A rare misstep from a first-rate author.


Twins Nora and Ben uncover a family secret: Their little sister, Birdy, was adopted.

The White family’s ancestry is European: Mother, a newspaper columnist, is Irish; Father, an art professor, is Italian. When Mother administers a home DNA test for her column about ancestry, Birdy copies her, preparing a test for herself using the kit Father rejects. When the results come back, the twins realize Birdy substituted her sample for Mother’s and that Birdy’s ancestry is Swedish. Confused, the twins confide in a former teacher who asks them if it matters. They decide it doesn’t but continue to probe the mystery; meanwhile, Mother makes weekly trips to place flowers on her best friend’s grave. The tale unfolds gently, with MacLachlan’s signature grace and luminous simplicity, but the complex subject—poised where nature and nurture intersect—both calls for and deserves more nuanced treatment than plot or format allow. Even though Birdy’s atypical adoption sidesteps difficult issues, young readers may wonder why Birdy’s birth mother made her choice and why her birth father’s unknown. Overall, the story has a comfortably old-fashioned sensibility, but the depiction of adoption, understandably simplified, is also outdated, conflating problematic adoption secrecy with secrets trivial and benign. Beyond outing family secrets, DNA testing has given parentage and ancestry renewed prominence in how we identify ourselves. The message that, in a loving family, being adopted “doesn’t matter,” while well-intentioned, is misleading.

A rare misstep from a first-rate author. (Fiction. 6-9)

Pub Date: Sept. 28, 2021

ISBN: 978-0-06-288585-2

Page Count: 160

Publisher: Katherine Tegen/HarperCollins

Review Posted Online: July 14, 2021

Kirkus Reviews Issue: Aug. 1, 2021

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A fitting farewell, still funny, acute, and positive in its view of human nature even in its 37th episode.


From the Horrible Harry series , Vol. 37

A long-running series reaches its closing chapters.

Having, as Kline notes in her warm valedictory acknowledgements, taken 30 years to get through second and third grade, Harry Spooger is overdue to move on—but not just into fourth grade, it turns out, as his family is moving to another town as soon as the school year ends. The news leaves his best friend, narrator “Dougo,” devastated…particularly as Harry doesn’t seem all that fussed about it. With series fans in mind, the author takes Harry through a sort of last-day-of-school farewell tour. From his desk he pulls a burned hot dog and other items that featured in past episodes, says goodbye to Song Lee and other classmates, and even (for the first time ever) leads Doug and readers into his house and memento-strewn room for further reminiscing. Of course, Harry isn’t as blasé about the move as he pretends, and eyes aren’t exactly dry when he departs. But hardly is he out of sight before Doug is meeting Mohammad, a new neighbor from Syria who (along with further diversifying a cast that began as mostly white but has become increasingly multiethnic over the years) will also be starting fourth grade at summer’s end, and planning a written account of his “horrible” buddy’s exploits. Finished illustrations not seen.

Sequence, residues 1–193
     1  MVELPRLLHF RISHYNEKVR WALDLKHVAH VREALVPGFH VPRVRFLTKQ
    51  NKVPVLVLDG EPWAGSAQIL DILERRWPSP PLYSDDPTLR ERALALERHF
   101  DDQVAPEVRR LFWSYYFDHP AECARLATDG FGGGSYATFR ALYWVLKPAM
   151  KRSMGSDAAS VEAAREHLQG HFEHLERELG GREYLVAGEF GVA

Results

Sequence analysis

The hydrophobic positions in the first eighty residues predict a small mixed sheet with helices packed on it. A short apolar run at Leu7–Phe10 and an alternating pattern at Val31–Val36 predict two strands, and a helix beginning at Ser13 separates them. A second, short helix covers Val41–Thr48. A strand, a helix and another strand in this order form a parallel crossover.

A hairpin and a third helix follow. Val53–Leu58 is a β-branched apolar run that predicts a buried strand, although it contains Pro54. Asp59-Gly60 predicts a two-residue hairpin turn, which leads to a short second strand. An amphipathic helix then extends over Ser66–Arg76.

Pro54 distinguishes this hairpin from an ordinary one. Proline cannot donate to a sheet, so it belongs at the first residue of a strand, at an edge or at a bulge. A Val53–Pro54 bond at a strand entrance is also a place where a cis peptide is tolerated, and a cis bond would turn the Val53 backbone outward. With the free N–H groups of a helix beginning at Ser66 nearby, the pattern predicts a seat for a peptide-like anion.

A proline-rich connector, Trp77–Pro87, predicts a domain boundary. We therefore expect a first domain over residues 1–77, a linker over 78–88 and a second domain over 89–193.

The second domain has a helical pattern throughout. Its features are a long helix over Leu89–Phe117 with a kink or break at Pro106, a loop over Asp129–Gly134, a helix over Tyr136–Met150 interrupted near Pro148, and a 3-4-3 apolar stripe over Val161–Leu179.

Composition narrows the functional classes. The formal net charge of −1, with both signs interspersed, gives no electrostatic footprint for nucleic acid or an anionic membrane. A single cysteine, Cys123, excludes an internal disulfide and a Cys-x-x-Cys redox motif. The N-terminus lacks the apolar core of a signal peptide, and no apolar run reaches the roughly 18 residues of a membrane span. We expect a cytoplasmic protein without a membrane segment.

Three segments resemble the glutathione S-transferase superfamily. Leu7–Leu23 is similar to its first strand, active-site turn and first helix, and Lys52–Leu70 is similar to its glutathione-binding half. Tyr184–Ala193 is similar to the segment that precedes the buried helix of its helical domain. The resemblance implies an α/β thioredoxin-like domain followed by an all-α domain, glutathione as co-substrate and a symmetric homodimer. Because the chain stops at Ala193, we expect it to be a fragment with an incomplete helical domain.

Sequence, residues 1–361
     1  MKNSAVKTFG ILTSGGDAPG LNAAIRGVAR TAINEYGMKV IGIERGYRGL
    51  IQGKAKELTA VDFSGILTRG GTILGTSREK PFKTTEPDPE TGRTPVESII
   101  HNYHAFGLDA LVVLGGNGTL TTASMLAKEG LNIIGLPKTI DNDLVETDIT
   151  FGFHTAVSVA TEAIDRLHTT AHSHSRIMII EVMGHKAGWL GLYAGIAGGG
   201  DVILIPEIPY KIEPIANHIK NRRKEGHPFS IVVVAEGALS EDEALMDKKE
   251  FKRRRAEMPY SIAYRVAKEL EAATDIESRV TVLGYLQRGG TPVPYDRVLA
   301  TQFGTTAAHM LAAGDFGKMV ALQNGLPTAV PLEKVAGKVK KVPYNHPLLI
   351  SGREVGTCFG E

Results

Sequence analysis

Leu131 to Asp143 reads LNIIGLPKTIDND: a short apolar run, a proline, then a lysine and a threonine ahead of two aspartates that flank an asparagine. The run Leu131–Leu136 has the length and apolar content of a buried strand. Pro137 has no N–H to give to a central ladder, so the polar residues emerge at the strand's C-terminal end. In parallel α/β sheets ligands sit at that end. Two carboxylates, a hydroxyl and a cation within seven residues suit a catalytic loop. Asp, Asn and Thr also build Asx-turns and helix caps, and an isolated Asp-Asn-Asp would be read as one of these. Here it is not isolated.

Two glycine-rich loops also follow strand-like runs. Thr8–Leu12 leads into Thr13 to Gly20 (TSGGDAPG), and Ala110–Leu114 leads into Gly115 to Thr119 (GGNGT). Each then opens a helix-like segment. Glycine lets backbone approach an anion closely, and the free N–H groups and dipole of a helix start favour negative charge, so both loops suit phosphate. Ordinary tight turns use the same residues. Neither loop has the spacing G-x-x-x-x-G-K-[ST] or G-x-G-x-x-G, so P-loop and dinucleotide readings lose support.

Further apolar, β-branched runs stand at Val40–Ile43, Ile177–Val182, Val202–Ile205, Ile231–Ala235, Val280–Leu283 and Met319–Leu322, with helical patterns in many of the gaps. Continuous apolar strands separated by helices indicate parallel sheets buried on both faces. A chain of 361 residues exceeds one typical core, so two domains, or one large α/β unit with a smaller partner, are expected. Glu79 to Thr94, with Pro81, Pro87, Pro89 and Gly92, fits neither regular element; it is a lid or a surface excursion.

A fitting farewell, still funny, acute, and positive in its view of human nature even in its 37th episode. (Fiction. 7-9)

Pub Date: Nov. 27, 2018

ISBN: 978-0-451-47963-1

Page Count: 80

Publisher: Viking

Review Posted Online: Sept. 17, 2018

Kirkus Reviews Issue: Oct. 1, 2018

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A lesson that never grows old, enacted with verve by two favorite friends


From the Elephant & Piggie series

Gerald the elephant learns a truth familiar to every preschooler—heck, every human: “Waiting is not easy!”

When Piggie cartwheels up to Gerald announcing that she has a surprise for him, Gerald is less than pleased to learn that the “surprise is a surprise.” Gerald pumps Piggie for information (it’s big, it’s pretty, and they can share it), but Piggie holds fast on this basic principle: Gerald will have to wait. Gerald lets out an almighty “GROAN!” Variations on this basic exchange occur throughout the day; Gerald pleads, Piggie insists they must wait; Gerald groans. As the day turns to twilight (signaled by the backgrounds that darken from mauve to gray to charcoal), Gerald gets grumpy. “WE HAVE WASTED THE WHOLE DAY!…And for WHAT!?” Piggie then gestures up to the Milky Way, which an awed Gerald acknowledges “was worth the wait.” Willems relies even more than usual on the slightest of changes in posture, layout and typography, as two waiting figures can’t help but be pretty static. At one point, Piggie assumes the lotus position, infuriating Gerald. Most amusingly, Gerald’s elephantine groans assume weighty physicality in spread-filling speech bubbles that knock Piggie to the ground. And the spectacular, photo-collaged images of the Milky Way that dwarf the two friends makes it clear that it was indeed worth the wait.

A lesson that never grows old, enacted with verve by two favorite friends . (Early reader. 6-8)

Pub Date: Nov. 4, 2014

ISBN: 978-1-4231-9957-1

Page Count: 64

Publisher: Hyperion

Review Posted Online: Nov. 5, 2014

Kirkus Reviews Issue: Nov. 15, 2014

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